Section 2: Hemp production credit: County auditors shall reduce the property tax assessment on agricultural land by three dollars per acre in any year in which that land is used for the production of industrial hemp. County auditors shall apply the hemp production credit only to land used in active crop production as of January 1, 2014.

Section 3: The state will remit to each county the amount disbursed in the hemp production credit with funds from the Governor's Future Fund.

Section 4: In each fiscal year, the Governor shall disburse no other funds from the Future Fund until all hemp production credit remittances have been paid to each county.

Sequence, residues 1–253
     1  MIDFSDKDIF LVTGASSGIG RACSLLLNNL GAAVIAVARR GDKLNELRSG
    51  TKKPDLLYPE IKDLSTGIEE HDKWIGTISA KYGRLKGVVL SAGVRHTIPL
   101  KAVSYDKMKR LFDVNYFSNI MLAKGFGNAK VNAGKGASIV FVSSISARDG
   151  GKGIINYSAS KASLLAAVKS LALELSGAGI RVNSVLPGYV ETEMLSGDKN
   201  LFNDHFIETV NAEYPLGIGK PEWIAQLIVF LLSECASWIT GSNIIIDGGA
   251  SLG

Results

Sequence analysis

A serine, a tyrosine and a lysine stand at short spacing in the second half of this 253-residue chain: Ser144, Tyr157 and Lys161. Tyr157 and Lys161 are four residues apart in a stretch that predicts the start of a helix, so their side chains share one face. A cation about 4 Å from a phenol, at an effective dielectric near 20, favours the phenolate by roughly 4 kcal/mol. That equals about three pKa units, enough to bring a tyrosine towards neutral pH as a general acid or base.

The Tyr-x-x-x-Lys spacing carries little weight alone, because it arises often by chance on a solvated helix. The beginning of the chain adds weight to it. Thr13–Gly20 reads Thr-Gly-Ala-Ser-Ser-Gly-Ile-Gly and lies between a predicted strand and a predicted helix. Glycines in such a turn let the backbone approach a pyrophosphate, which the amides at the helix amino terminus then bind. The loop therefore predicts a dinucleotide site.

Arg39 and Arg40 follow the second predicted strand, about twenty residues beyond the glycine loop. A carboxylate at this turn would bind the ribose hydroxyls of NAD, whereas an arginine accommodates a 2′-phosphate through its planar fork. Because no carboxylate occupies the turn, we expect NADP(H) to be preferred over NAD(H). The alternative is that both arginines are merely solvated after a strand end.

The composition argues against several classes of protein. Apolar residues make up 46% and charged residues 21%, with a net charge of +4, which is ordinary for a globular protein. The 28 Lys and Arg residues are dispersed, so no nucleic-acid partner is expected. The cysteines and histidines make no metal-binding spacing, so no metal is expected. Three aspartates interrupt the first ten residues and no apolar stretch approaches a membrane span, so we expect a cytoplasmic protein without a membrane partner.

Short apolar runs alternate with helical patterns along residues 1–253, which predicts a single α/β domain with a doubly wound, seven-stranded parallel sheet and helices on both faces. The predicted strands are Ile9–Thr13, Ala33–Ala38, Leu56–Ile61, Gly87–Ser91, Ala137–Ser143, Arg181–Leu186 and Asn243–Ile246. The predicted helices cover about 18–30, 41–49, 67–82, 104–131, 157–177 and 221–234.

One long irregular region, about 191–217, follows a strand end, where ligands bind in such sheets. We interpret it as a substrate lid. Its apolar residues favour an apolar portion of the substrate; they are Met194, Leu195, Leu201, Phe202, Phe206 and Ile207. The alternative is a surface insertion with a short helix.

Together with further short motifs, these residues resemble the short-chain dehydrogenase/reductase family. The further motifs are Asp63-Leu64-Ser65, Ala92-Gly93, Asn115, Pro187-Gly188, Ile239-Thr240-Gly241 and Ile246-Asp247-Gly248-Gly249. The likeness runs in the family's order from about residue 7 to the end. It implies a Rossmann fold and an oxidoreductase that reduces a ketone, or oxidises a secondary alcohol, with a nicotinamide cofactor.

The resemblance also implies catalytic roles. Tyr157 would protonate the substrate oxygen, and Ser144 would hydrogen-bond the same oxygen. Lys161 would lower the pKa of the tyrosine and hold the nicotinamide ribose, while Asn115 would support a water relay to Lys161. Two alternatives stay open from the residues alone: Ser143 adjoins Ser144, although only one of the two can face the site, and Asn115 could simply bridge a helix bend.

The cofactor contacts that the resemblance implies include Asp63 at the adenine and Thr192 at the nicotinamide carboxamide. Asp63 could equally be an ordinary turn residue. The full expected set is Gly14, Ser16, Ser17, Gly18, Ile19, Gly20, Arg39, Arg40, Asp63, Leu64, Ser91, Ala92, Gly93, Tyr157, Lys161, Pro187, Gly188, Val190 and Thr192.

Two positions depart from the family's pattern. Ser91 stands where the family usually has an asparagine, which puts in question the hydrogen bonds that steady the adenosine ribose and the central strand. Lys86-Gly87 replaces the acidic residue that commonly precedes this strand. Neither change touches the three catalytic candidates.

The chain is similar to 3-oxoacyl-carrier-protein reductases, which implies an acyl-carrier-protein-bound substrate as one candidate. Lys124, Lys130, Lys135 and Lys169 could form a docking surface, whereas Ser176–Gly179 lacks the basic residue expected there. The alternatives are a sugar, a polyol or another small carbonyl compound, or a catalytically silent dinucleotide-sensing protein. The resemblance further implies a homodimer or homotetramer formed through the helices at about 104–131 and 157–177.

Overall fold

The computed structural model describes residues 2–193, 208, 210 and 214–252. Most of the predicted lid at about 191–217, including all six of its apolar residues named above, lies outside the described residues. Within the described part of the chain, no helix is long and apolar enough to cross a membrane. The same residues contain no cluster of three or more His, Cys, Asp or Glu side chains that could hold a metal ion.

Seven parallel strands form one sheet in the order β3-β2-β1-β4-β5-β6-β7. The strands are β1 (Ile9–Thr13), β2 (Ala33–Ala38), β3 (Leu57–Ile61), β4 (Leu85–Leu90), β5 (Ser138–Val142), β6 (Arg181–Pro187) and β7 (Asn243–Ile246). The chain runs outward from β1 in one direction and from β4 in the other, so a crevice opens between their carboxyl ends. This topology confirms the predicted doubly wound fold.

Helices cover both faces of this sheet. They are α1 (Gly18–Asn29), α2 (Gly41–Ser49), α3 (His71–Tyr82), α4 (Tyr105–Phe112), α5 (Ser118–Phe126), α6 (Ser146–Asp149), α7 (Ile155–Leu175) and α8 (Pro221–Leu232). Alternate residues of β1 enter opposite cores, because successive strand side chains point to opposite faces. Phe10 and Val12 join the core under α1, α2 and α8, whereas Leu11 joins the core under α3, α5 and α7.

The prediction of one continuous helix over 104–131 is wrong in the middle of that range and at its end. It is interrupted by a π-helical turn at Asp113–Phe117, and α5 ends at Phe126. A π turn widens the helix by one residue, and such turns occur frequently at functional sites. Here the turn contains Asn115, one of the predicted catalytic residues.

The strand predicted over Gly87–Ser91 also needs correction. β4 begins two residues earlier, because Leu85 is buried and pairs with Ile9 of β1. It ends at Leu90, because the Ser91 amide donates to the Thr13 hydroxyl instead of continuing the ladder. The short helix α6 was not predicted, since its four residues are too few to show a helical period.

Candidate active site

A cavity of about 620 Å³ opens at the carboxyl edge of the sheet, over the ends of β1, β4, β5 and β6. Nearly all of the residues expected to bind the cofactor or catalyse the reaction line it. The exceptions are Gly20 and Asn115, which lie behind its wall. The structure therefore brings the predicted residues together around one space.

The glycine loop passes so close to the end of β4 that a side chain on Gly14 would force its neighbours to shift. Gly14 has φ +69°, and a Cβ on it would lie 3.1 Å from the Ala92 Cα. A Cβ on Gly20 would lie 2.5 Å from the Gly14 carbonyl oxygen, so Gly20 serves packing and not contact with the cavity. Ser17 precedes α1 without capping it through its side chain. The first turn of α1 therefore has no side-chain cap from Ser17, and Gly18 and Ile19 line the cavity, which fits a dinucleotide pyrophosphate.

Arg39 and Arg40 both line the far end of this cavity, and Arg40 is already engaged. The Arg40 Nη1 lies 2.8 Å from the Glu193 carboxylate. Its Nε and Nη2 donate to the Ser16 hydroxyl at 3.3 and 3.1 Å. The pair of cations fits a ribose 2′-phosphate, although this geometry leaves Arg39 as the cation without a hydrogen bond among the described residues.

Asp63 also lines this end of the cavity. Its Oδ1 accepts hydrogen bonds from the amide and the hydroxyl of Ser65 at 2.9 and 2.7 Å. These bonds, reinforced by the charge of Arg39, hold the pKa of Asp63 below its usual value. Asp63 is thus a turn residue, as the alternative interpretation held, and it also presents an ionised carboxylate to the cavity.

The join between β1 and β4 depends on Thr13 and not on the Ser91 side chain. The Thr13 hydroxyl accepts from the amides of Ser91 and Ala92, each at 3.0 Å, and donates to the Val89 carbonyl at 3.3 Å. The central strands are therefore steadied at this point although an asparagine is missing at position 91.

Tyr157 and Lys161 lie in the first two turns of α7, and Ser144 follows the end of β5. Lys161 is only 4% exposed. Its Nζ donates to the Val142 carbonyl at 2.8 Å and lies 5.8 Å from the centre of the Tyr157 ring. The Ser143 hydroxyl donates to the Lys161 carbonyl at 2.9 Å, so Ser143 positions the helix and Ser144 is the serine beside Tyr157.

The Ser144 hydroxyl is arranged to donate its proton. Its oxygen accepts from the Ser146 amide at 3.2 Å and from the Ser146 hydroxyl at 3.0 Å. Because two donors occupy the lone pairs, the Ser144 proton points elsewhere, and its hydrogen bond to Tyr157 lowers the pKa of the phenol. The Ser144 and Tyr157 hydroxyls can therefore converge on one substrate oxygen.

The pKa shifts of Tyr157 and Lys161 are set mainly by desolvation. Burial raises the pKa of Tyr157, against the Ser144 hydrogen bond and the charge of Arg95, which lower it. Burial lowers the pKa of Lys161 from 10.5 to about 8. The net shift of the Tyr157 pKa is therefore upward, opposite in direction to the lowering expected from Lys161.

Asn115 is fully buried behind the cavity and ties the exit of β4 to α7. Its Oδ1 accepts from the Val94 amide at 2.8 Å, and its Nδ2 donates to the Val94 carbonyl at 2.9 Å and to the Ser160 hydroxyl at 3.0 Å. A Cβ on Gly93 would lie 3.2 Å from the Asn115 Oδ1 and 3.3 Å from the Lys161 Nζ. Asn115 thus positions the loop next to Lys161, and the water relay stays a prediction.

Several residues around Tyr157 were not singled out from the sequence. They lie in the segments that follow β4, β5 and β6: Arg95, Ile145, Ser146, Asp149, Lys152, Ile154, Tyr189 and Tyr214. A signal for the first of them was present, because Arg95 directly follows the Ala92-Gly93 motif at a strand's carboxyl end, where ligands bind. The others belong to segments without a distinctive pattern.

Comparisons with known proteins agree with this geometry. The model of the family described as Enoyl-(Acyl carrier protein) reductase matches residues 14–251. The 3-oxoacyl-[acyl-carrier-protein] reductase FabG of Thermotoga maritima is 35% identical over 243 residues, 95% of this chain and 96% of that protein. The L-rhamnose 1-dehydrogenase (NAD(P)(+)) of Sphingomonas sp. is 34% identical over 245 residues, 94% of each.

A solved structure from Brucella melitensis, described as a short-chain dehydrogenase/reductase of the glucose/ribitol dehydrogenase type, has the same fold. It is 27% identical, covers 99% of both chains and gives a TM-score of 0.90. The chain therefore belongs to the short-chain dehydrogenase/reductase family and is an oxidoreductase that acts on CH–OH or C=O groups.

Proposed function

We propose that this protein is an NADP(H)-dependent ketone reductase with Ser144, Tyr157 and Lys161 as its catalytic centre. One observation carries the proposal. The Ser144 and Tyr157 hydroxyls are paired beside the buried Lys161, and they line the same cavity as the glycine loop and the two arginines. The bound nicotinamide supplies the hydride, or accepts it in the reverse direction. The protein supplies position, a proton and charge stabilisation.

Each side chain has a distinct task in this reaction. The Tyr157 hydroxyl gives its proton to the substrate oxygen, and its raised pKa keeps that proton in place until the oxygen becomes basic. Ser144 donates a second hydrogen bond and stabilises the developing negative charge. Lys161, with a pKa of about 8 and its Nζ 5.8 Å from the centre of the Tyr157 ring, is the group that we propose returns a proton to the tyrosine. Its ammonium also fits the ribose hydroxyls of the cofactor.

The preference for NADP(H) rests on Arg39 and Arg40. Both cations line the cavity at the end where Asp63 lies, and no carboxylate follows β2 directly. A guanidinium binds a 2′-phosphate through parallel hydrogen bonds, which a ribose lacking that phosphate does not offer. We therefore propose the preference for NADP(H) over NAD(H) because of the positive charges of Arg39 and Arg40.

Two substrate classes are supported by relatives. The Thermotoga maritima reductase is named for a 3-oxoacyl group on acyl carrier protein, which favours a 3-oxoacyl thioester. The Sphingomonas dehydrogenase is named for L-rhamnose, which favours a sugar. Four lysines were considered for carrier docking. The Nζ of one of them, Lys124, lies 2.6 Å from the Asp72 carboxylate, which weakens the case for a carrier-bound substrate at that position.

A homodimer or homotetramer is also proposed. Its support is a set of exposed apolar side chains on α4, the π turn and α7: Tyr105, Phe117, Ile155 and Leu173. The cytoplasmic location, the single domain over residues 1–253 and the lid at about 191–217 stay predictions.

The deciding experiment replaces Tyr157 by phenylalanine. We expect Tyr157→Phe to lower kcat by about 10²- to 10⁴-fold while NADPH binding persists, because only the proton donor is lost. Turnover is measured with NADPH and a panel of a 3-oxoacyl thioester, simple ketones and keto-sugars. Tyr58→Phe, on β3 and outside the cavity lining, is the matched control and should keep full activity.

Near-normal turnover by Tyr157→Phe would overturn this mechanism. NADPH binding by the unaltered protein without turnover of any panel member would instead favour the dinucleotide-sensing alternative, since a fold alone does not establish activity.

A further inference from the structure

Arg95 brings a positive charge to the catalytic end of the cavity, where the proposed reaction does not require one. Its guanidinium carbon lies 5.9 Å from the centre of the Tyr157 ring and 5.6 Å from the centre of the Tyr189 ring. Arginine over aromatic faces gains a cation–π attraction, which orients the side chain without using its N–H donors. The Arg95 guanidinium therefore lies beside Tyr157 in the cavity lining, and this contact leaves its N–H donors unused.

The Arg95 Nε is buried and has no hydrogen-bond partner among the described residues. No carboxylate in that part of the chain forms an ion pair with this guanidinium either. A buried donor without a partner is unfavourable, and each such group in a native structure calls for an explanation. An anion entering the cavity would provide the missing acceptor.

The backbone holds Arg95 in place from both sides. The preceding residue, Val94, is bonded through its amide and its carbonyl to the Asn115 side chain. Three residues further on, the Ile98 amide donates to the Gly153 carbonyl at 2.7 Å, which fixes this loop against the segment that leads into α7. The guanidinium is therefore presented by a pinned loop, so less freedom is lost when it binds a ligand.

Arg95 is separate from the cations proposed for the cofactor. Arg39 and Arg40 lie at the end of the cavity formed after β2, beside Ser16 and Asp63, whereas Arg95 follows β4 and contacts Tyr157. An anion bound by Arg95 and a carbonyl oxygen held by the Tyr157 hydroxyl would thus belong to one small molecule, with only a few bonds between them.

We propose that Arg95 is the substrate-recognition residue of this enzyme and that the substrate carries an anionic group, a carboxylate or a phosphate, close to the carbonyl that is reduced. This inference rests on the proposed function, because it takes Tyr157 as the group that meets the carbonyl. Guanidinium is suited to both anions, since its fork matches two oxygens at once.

Section 5: Ethanol and other biofuel plants shall pay a two-cent production tax on every gallon of biofuel produced. Biofuel produced from hemp shall be exempt from this production tax.

Section 6: By July 1, 2018, 50% of the raw materials used by Pheasantland Industries shall consist of industrial hemp produced in South Dakota.

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Holy happy-weed! Kristi Noem voted for hemp!

Larry Kurtz can be hard to love, but he points out this very interesting fact about the GOP farm bill that squeaked out of the House yesterday: it includes a Democratic amendment to promote research on industrial hemp!

Representatives Jared Polis (D-CO), Thomas Massie (R-KY) and Earl Blumenauer (D-OR) passed an amendment to H.R. 1947, the Federal Agriculture Reform and Risk Management Act of 2013, the FARRM bill, that would allow colleges and universities to grow and cultivate industrial hemp in states where it is already legal without fear of federal interference. The FARRM bill had previously failed, but was taken up again and passed the House of Representatives today with a vote of 216 to 208.